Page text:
Wednesday, April 16, 2008

Reason #1 startups fail: software underestimates

A friend sent me a link about a programmer who was approached by friends to work on a startup, only to find that they thought his role was so easy, he'd do it for free.

Between budgets, man-hours, and even CPU requirements, underestimating how long software takes to write and test is easy. And it's not only a problem for startups, companies like Microsoft have the same problem--Vista wasn't just late, it was missing features. The good news for startups is that deadlines and requirements are often flexible, but missed deadlines kill morale.

Basically, the only people worse at estimating software schedules than programmers are managers, and the only people worse at dealing with missed deadlines than managers are programmers.

Thursday, April 10, 2008

Former Lycos CEO on the startup market

Why is it that CEOs who cashed out of failed companies early end up becomming VCs? No matter. Kara Swisher of All Things D interviewed former Lycos CEO Bob Davis, hoping for a few bits on wisdom.

"I think there is a big, big play to be made in the mobile arena, [but] ...people have not figured out where it's going to be. Look at the raw number of handsets...As it relates to content, no one has put it together, yet"
Platform matters. Remember WebTV? It was (and barely still is) a set top box paired with a keyboard for browsing websites on TVs. Despite the potentially large audience and the built-in market of newcomers to the internet, it never caught on. WebTV was a nifty idea, but Tivo is what brought TV and the web together, taking features from each component, and solving a problem that affected people.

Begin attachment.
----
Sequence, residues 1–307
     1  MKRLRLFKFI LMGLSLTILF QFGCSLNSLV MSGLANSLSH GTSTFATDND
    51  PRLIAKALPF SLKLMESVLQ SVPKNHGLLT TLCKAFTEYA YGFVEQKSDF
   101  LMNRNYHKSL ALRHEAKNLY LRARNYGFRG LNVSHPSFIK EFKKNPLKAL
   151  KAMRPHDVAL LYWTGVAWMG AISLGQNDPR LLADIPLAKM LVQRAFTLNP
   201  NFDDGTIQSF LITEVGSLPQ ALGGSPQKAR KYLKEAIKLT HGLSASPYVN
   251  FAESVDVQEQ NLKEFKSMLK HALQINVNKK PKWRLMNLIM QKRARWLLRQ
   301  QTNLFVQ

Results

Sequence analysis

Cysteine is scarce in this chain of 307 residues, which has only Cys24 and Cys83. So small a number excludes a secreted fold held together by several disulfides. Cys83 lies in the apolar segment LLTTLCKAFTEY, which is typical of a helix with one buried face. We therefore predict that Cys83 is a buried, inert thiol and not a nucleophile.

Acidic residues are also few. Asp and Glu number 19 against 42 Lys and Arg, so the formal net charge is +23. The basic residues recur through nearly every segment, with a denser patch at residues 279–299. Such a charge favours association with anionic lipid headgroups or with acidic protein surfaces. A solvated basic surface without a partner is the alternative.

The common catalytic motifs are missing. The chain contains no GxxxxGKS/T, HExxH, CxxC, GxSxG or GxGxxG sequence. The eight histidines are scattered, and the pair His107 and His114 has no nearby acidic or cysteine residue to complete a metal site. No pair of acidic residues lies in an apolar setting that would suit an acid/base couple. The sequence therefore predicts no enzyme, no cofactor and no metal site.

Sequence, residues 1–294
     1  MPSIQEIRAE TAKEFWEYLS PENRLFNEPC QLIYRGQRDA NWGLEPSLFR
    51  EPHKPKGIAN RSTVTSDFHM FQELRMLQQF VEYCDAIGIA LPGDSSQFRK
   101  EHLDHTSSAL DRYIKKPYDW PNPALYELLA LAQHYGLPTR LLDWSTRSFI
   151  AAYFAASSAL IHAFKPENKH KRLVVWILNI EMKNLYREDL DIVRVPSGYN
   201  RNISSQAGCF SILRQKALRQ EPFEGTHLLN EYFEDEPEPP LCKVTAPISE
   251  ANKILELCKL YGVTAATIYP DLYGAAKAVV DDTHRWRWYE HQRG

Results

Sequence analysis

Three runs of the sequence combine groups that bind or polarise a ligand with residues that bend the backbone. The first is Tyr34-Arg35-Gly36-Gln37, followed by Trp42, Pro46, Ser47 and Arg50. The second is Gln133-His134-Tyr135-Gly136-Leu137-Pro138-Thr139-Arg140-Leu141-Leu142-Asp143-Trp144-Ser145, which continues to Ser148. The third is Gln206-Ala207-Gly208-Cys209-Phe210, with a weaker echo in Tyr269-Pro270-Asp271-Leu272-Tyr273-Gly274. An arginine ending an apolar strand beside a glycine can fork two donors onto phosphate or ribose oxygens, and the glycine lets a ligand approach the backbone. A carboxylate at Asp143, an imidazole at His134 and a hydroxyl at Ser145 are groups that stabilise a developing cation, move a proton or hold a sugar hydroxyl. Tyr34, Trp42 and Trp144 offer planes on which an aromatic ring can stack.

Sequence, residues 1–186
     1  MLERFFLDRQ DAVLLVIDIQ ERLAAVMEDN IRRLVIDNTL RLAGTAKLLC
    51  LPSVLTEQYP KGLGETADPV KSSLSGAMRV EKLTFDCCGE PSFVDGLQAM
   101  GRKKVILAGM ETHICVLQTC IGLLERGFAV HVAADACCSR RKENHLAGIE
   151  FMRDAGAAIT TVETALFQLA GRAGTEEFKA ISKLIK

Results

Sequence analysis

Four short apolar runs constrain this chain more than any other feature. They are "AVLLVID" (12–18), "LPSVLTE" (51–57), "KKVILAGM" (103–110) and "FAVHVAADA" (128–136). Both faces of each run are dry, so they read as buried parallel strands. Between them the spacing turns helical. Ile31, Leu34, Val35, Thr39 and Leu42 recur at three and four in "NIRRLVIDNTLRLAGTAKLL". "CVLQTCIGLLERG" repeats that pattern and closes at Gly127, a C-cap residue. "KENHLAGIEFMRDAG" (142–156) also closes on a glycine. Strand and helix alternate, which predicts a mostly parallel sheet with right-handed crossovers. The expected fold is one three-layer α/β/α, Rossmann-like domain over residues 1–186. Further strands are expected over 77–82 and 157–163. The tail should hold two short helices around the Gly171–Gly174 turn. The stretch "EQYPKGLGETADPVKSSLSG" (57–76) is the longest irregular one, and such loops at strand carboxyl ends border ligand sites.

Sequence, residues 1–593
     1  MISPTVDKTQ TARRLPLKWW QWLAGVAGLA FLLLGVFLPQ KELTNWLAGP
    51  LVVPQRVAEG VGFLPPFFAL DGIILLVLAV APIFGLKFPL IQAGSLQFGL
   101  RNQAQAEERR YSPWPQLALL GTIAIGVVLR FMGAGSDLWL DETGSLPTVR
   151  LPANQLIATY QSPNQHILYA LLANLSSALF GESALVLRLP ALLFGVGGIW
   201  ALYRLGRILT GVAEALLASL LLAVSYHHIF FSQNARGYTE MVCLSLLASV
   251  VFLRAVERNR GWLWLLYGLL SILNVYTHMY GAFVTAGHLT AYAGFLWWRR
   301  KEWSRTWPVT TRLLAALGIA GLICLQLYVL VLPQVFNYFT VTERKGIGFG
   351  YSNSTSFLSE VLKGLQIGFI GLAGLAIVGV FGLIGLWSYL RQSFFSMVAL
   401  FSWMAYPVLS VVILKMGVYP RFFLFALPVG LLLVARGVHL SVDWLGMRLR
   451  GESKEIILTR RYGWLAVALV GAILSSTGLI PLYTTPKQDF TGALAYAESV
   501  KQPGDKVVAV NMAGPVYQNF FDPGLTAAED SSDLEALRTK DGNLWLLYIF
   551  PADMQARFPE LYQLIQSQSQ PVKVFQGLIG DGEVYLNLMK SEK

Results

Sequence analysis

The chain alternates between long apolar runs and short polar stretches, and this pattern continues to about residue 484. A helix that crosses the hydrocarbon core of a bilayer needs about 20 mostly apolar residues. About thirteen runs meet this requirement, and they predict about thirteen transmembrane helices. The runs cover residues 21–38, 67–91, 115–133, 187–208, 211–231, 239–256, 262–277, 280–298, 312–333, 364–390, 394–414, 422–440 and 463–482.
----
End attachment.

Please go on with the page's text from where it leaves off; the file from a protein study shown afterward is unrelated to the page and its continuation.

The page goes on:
So what's a relatively new VC do, now? Shamelessly promote a startup he funded, Quattro Wireless, that reformats the web for mobile phones and provides ads for web-enabled mobile phones. Their problem is that they're the WebTV of Web 2.0, and while trying to start an ad network--an revenue source--is admirable, if monetizing the web is hard, imagine trying to monetize a platform that isn't used for purchasing, has far less traffic, and far less space for ads. predates Adsense by several years. Maybe people should figure out what people are selling via phones before they start building advertising platforms.

Here's where Davis gets something right: when asked what's overhyped, he responded with the natural "social networking." More interesting was his take on social networking 1.0. He looks back on Lycos acquisitions Tripod and Angelfire as the Facebooks of their day. What's changing isn't the technology--neither the web, Facebook, or Google did anything to add to the internet--it's that the internet is changing from being generalized to being specific. Someone using his 1998 Geocities homepage to post personal information, a résumé, family photos, and a his research on Mark Twain would today use Facebook, LinkedIn, Flickr, and Wikipedia to do the same things. Generalized tools might be powerful, but only specialized tools find an audience.